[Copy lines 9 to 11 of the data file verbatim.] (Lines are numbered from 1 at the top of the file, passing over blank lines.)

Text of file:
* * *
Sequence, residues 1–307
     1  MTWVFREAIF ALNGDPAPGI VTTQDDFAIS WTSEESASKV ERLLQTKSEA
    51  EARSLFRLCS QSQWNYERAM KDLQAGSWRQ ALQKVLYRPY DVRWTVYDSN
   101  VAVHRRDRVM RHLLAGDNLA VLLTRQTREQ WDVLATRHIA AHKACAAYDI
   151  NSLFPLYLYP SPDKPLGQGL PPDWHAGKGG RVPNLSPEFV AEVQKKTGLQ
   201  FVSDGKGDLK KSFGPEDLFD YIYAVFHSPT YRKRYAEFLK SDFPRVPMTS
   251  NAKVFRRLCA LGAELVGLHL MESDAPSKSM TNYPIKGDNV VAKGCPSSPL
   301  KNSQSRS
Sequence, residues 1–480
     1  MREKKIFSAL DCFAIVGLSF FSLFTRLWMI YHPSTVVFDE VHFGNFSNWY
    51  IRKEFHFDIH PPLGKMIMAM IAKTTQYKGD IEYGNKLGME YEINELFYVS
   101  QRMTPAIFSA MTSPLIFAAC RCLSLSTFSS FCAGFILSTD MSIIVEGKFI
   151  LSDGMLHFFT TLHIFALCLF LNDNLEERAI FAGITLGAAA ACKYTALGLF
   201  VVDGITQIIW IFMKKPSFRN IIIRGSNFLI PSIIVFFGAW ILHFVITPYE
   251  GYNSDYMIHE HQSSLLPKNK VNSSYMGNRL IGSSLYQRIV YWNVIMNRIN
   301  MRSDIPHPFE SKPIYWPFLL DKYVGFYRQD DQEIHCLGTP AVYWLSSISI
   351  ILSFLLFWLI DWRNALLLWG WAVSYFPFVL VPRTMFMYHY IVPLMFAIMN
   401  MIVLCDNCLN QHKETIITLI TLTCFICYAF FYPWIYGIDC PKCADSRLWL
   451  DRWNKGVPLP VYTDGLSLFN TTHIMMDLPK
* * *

Sequence, residues 1–480
     1  MREKKIFSAL DCFAIVGLSF FSLFTRLWMI YHPSTVVFDE VHFGNFSNWY
    51  IRKEFHFDIH PPLGKMIMAM IAKTTQYKGD IEYGNKLGME YEINELFYVS